people will be glad to hear him that
dav.
REPORT GARDEN
WORK AMONG
NEGRO FARMERS
450 Per Cent Return Made
On SIOO Appropriation
By County Board
Back in the early spring, the Martin
County Board of Commissioners ap
propriated SIOO for the promotion of
garden work among negro farmers of
the county during a period of 10 weeks
in cooperation with the State Exten
sion Service.
Oliver Carter, former colored dem
onstration agent for this county, was
employed, and, according to Mr. C. R.
Hudson, State Supervisor, who kept
in personal touch with the work in this
county, it is safe to assume that at
least 100 new gardens were established
in the county that would not have been
except through the work of the agent.
Mr. Hudson figures that the SIOO in
vested last spring by the commission
ers has returned a profit of $4,000.
The recorders of tfie agent, with ac
tual figures and careful estimates, show
as follows:
Number of demonstration gardens,
127; average size of gardens, 1-3 acres;
Average number of vegetables per gar
den, 10 1-2; number of kinds of vege
tables grown, 30; percentage of gar
dens rated as excellent, 21 percentage
of- gardens rated as medium, 60; per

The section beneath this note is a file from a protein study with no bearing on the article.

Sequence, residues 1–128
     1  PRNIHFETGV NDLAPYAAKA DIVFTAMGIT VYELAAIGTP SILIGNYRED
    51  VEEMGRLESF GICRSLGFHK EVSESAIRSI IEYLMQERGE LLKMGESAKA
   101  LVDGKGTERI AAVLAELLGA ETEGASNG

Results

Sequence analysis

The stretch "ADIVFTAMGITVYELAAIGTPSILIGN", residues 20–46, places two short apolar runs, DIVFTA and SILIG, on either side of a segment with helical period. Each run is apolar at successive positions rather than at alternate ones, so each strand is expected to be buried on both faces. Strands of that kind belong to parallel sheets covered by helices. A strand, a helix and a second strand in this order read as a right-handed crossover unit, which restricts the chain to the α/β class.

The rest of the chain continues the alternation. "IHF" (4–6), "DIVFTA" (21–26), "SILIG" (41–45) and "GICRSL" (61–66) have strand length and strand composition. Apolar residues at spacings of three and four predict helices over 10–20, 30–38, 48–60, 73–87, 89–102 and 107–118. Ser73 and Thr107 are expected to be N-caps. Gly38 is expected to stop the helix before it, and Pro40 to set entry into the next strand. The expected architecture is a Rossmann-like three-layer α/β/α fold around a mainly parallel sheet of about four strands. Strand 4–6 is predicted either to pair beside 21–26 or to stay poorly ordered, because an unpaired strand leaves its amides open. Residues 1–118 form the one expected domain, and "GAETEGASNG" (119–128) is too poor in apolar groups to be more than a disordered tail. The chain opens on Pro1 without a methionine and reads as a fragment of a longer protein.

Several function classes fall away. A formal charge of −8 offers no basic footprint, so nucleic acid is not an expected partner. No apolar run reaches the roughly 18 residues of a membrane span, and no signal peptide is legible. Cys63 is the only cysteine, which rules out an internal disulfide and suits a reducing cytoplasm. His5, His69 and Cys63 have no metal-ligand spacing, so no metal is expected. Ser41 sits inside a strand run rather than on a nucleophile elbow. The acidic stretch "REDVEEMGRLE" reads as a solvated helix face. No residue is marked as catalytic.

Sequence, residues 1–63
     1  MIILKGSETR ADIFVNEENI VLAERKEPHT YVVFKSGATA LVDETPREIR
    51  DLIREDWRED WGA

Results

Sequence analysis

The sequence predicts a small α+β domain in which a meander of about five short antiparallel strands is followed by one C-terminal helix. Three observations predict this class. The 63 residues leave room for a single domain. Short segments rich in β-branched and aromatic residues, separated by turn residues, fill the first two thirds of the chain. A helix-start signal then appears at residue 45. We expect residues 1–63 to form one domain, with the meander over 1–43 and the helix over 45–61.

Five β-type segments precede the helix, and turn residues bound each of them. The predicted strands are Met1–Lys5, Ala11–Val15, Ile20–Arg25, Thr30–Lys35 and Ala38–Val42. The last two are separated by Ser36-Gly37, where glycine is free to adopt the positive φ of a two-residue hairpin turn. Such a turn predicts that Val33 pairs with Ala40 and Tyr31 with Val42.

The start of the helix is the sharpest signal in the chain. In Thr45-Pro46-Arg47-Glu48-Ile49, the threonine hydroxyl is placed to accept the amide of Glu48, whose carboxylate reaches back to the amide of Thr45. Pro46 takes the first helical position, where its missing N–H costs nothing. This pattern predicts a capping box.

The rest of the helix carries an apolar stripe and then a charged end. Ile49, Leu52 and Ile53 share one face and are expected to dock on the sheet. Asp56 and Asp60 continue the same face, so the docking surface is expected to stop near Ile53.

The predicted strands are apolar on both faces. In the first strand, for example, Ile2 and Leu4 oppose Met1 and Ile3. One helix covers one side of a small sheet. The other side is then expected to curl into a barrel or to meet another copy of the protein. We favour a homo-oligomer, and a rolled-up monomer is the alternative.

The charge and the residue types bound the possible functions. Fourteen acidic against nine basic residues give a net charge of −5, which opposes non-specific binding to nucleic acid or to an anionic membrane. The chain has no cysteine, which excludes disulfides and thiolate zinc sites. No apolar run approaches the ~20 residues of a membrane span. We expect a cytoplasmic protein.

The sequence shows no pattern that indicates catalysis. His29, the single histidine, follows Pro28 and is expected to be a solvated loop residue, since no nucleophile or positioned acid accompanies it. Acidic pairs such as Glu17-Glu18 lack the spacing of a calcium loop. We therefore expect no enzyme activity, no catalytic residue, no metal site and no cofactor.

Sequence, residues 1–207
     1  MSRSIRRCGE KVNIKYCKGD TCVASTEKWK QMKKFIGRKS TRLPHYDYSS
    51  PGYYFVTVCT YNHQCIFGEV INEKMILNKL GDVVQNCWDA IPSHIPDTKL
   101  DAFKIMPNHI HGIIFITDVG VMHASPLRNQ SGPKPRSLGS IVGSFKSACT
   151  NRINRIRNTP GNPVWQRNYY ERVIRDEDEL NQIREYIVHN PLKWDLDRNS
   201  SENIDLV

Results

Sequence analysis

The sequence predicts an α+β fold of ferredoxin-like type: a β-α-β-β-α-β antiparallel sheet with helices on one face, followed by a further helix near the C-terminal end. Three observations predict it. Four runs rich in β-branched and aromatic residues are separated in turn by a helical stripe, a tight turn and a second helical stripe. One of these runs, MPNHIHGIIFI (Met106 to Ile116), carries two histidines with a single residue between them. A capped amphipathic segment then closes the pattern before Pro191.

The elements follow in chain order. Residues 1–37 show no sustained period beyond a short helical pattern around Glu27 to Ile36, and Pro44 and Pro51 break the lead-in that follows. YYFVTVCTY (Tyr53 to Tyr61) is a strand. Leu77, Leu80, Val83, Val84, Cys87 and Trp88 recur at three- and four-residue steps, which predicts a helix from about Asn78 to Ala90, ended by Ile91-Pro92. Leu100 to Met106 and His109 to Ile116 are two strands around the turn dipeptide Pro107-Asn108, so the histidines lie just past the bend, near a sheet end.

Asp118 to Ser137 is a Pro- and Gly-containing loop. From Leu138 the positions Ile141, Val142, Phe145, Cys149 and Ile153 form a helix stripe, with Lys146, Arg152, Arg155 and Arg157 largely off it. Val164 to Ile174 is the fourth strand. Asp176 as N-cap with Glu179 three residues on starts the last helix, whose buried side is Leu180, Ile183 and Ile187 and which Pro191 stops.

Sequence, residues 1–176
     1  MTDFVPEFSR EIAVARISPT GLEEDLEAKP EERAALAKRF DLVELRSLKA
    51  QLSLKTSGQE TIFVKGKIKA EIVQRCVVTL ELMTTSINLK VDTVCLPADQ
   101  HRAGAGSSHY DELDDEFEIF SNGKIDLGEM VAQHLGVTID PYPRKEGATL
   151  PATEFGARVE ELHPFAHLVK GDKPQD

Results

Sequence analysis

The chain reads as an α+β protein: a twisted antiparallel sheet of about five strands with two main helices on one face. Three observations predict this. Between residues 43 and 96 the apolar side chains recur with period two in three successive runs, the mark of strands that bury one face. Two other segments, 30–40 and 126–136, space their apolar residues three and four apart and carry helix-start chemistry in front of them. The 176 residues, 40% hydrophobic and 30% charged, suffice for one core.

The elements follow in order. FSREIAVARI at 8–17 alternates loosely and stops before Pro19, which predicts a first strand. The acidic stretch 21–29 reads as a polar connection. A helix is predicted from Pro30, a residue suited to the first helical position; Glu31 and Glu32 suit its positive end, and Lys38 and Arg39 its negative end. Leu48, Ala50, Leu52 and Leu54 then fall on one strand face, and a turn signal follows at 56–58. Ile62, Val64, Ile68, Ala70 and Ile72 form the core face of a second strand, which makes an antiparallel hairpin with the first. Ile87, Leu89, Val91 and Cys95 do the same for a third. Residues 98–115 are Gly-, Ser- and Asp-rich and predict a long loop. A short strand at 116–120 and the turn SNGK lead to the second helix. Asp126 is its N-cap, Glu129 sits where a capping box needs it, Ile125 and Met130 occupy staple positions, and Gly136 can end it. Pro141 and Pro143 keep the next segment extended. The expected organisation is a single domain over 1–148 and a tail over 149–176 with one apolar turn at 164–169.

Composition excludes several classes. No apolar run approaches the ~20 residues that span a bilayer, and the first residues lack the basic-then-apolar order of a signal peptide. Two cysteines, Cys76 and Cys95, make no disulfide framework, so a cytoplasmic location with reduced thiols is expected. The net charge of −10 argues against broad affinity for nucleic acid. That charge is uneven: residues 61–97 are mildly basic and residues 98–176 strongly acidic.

centage of gardens rated as poor, 19;
average cost of seed and fertilizers per
garden, $4.75; average labor cost per
garden, $4.25; total cost per garden,
$?; estimated value of vegetables per
garden, SSO; average profit per garden,
s4l; average profit per acre, $120; re
turns on investment, 450 per cent.
It is estimated that there are at least
1,500 gardens cultivated by colored
farmers in the county. The demon
stration gardens located as they are,
with 3 to 6 in each community, serve
a good purpose in influencing better
gardens over the whole county. In
addition the activities of the agent
traveling the county, holding meetings
and personal conferences have no
doubt reached and influenced benefic
ially practically these I|soo farm fam
ilies and all of this has come about
from the SIOO invested in the work by
the county commissioners.
Colored Women Go to Law
Over Wearing of Pajamas
Fannie Purvis, Colored, appealed to
the courts for relief this week when
Lillie Bryant, also colored, laughed